Amid the Twitter fiasco, Tesla CEO Elon Musk announced the start of production of the long-awaited Semi truck on Thursday.
While it might sound exciting, the Tesla Semi truck won’t be delivered to Pepsi, the truck’s sole buyer, until December.
In a statement on Friday, Pepsi said the trucks will make their way to the Frito-Lay plant in Modesto, California, and the Pepsi beverage plant in Sacramento in December.
Regarding the company’s sustainability efforts, PepsiCo spokesperson Andrea Foote said:
“We are looking forward to this next step in our PepsiCo Positive journey and will provide more details once we have taken delivery.”
Despite the good news, neither Musk nor Pepsi shared how many trucks would be delivered to the factories.
In November 2017, Tesla first unveiled the Semi truck and announced that production would begin in 2019.
Many companies claim to have made reservations, including Anheuser-Busch, City Furniture, FedEx, J.B. Hunt Transport Services, and Walmart, just to name a few.
For a company like Tesla, production delays are inevitable.
Cybertruck production was also announced for 2021, but then moved on to the following year.
Meanwhile, the second-generation Tesla Roadster, announced at the same event as the Semi, will go into production in 2020.
Instead, it was pushed further back, with 2023 pegged as the earliest date.
On Thursday, Elon Musk confirmed that the Semi trucks would have a range of 500 miles.
The electric trucks are suitable for certain trips.
However, the heavy weight of trucks compared to diesel and fuel cell trucks can force companies to forgo heavy loads.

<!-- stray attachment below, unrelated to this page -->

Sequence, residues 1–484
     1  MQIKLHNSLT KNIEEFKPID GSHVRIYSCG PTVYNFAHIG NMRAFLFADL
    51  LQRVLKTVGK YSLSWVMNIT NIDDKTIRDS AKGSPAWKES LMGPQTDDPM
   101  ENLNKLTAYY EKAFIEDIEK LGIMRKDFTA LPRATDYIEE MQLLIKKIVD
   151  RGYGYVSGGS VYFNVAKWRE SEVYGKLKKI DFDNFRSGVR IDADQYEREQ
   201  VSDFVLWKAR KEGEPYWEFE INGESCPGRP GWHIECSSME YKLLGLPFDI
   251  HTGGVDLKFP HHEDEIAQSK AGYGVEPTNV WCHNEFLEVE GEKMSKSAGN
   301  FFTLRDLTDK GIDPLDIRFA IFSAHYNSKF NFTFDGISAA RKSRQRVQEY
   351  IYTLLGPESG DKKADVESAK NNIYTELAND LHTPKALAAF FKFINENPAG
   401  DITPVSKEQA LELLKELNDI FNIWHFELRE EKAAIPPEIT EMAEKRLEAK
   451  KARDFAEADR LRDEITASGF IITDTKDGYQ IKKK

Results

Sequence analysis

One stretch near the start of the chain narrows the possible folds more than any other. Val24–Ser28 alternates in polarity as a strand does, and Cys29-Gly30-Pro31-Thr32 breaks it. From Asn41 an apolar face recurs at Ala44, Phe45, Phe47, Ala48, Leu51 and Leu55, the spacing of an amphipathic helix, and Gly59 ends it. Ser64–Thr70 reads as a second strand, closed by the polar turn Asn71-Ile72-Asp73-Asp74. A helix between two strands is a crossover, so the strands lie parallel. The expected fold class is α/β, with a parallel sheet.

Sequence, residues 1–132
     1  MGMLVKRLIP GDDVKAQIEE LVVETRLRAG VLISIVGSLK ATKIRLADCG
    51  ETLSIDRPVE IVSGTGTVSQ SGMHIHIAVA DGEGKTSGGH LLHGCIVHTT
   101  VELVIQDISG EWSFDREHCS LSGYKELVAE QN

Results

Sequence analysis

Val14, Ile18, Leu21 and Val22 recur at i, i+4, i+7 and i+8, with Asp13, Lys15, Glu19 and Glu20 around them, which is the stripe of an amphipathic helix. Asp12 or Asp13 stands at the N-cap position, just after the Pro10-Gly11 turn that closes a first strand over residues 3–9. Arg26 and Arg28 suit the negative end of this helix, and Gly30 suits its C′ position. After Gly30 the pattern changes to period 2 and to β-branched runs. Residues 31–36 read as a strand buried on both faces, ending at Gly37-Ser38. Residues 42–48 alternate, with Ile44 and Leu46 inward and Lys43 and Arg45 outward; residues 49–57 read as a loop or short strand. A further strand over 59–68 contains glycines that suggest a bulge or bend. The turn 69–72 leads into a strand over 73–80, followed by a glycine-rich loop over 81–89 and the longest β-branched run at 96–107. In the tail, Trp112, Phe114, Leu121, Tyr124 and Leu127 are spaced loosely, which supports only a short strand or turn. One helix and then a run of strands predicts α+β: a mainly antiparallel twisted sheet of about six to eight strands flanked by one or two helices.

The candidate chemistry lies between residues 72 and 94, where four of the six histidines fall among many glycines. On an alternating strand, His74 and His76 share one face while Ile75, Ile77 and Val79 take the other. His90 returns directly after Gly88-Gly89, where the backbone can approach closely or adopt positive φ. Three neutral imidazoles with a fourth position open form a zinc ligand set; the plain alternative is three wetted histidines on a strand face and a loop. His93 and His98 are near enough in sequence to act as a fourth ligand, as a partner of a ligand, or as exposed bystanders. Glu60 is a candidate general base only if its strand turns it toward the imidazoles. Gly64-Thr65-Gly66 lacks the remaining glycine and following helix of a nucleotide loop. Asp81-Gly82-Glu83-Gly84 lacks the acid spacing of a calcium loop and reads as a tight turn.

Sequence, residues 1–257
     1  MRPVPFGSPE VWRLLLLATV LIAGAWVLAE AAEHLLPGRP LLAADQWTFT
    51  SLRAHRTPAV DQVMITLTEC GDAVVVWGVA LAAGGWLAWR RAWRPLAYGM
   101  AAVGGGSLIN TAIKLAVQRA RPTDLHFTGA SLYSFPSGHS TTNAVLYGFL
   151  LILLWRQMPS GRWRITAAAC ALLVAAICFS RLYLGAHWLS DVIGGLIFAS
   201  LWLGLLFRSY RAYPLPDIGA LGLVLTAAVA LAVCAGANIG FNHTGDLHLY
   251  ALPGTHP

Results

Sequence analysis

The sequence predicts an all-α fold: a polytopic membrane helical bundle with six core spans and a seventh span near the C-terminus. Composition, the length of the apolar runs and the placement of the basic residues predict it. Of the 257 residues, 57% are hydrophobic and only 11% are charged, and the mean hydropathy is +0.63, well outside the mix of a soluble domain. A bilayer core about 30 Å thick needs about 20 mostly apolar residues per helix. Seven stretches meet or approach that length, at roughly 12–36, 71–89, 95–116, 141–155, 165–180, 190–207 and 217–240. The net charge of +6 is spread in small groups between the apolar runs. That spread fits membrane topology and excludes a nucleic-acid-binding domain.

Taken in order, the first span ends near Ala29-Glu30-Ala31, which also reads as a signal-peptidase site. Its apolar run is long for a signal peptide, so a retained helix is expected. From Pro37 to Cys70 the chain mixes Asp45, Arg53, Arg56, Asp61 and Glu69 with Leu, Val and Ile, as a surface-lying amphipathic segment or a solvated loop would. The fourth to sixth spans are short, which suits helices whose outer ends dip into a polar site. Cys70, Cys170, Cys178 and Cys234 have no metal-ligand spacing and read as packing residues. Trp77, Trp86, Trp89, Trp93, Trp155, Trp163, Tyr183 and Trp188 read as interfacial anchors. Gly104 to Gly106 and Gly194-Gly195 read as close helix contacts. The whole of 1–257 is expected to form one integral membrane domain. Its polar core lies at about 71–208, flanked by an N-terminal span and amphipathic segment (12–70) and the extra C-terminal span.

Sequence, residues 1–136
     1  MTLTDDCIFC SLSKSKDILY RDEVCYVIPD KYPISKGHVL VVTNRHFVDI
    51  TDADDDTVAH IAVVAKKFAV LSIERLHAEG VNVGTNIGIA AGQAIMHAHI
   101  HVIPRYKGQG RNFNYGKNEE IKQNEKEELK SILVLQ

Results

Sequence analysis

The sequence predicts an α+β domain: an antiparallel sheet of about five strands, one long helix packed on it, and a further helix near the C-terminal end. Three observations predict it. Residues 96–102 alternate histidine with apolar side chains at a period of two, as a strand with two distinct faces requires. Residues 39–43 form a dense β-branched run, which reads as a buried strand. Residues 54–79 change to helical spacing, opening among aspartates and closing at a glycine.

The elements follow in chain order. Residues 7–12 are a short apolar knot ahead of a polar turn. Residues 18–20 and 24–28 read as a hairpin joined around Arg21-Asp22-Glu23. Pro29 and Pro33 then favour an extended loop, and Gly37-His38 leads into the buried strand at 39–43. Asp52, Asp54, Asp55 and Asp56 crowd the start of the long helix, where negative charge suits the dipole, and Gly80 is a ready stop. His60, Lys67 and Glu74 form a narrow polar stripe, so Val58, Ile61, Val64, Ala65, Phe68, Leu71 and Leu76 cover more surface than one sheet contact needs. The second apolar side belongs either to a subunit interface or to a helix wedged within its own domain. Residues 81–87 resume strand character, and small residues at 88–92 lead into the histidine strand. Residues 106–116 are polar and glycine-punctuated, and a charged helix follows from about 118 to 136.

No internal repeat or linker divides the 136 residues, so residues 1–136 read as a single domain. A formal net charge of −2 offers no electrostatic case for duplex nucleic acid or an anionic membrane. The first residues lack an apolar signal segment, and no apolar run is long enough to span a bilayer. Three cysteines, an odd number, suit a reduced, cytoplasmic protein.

The announcement coincided with news of Musk’s renewed interest in buying Twitter for its $44 billion initial offering on Tuesday.
Tesla stock and Twitter
In September, Musk tried to end the deal, claiming the social media platform had violated their agreement.
Tesla’s CEO accused Twitter of misrepresenting the number of spam and fake bot accounts on its platform.
In 2022, Elon Musk sold Tesla shares worth more than $ 15 billion, but it’s unclear whether he has enough liquid funds to complete the Twitter deal.
Although he has received debt and equity financing obligations, Musk may need to sell additional Tesla stock to finance the purchase.
His other options include selling SpaceX stock, raising money from other investors, or borrowing against his ownership in Tesla or SpaceX.
Due to the aggressive increase in interest rates, the loan to finance the operation has become more expensive.
However, Elon Musk’s text messages, revealed earlier this year, showed requests to raise billions from his wealthy contacts.
Tesla set to deliver long-delayed electric trucks to Pepsi in December